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Shiv Chopra recalled for milk whistleblowing

The microbiologist was fired for speaking out on the use of growth hormones to increase milk production

The controversial whistleblower who alerted Canadians to the use of growth hormones to increase milk production is dead at 84.

Shiv Chopra sparked debate in 1989 when he and fellow scientist Margaret Haydon testified before a Senate committee they were being pressured to approve bovine growth hormone (BGH) for use in dairy cows.

The move made him a hero to some and a Luddite hindering progress to others. BGH was never approved for use in Canada, and many credit the actions of the pair.

In the years following, Chopra continued to weigh in on issues surrounding animal and human health, remaining perennially in the headlines for stances on other veterinary drugs and practices.

Following the discovery of a case of BSE in Alberta they wrote then federal health minister Anne McLellan urging a total ban on animal feeds containing rendered animal products.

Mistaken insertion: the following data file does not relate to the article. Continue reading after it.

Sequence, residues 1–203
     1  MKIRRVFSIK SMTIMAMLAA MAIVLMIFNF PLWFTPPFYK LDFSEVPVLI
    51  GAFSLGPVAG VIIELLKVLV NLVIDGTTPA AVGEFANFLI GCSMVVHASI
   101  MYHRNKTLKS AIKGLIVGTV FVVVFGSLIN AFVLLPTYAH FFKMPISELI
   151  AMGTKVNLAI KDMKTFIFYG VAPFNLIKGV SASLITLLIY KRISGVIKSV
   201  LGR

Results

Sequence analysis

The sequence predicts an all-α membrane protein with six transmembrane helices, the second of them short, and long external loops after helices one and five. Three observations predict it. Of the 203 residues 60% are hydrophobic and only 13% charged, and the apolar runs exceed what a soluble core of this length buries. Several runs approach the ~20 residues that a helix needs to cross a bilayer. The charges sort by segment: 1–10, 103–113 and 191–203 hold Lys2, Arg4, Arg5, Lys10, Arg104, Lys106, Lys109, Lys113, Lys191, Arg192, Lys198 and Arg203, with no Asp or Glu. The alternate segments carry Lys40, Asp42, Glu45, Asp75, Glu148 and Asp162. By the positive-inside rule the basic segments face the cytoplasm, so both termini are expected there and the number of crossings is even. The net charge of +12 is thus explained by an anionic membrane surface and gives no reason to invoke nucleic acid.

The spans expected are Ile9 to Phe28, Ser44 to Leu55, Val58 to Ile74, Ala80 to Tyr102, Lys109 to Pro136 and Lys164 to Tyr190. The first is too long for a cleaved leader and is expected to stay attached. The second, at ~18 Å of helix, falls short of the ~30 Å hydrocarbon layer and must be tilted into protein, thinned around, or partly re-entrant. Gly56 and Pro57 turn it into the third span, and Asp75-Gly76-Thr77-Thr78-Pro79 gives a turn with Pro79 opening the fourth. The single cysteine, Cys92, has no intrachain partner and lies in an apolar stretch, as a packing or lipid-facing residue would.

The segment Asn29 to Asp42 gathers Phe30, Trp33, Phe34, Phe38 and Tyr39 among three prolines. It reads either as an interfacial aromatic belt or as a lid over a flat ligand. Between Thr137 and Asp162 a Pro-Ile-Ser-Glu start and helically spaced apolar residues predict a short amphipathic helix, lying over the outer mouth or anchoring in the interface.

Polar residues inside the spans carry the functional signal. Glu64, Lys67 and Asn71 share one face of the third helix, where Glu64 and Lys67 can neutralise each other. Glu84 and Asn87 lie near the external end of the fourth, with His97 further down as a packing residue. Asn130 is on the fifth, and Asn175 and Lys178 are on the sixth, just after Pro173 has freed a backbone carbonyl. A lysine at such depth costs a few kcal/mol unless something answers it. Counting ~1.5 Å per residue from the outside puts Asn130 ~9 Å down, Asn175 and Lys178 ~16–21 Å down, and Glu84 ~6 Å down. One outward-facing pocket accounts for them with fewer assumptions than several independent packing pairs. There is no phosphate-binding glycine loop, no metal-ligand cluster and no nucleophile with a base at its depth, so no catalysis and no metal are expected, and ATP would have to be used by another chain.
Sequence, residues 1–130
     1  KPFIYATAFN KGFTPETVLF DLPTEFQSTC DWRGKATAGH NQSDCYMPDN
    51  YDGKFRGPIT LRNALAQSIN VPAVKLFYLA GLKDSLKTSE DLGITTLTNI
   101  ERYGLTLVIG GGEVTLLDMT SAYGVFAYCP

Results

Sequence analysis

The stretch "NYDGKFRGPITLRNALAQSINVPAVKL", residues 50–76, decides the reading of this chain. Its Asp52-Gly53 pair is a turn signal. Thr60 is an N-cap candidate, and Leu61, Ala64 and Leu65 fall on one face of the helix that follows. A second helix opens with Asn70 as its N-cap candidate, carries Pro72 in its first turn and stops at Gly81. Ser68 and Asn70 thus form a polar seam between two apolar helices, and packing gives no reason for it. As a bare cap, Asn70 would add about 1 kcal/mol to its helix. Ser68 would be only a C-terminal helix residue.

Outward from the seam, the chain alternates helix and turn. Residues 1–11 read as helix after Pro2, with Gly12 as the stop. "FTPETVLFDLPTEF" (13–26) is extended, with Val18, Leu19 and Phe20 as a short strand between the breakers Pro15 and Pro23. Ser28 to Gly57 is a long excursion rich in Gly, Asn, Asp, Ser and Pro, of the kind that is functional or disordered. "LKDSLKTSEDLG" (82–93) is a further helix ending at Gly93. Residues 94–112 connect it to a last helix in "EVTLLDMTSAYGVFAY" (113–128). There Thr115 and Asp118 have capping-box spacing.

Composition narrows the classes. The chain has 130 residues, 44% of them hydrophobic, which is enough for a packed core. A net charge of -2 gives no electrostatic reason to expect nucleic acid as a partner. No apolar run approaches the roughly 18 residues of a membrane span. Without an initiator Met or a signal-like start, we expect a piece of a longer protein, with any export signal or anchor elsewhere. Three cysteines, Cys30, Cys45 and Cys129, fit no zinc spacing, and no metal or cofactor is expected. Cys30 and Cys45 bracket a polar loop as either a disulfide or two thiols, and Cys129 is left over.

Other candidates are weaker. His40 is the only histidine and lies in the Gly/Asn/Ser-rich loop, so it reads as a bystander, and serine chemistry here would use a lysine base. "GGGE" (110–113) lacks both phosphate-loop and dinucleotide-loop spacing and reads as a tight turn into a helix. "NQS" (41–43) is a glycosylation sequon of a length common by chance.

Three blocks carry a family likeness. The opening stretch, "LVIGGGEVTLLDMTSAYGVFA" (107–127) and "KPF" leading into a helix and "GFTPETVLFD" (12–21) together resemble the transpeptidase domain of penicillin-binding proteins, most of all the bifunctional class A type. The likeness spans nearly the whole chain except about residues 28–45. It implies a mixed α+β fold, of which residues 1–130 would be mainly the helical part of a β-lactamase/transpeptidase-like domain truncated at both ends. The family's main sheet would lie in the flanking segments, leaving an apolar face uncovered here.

In 2001 the Federal Court ruled the scientists had the right to voice their concerns in the BGH case because public interest overrides employer loyalty.

In 2004 Chopra, Haydon and fellow dissident scientist Gerard Lambert were fired for “insubordination,” prompting then prime minister Paul Martin to deny the firings were linked to whistleblowing.

By then Chopra was near retirement age, but that didn’t stop him from spending most of the rest of his life in pursuit of reinstatement.

Haydon and Lambert were both reinstated in 2016, but the relevant government agency upheld Chopra’s dismissal.

Among those paying tribute to Chopra were the Council of Canadians and the National Farmers’ Union.

Peter Dowling was the NFU Region 3 (Ontario) co-ordinator during that time and the organization was deep into its campaign against BGH.

“We became aware of a small band of dissident Health Canada veterinary scientists who had grave concerns about the prospects of approving rBGH for use in Canada,” Dowling said in an NFU release. “This was very exciting news.”

Dowling went on to call the scientist’s actions a “huge boost” to the campaign and a direct link to the product never being approved in Canada.

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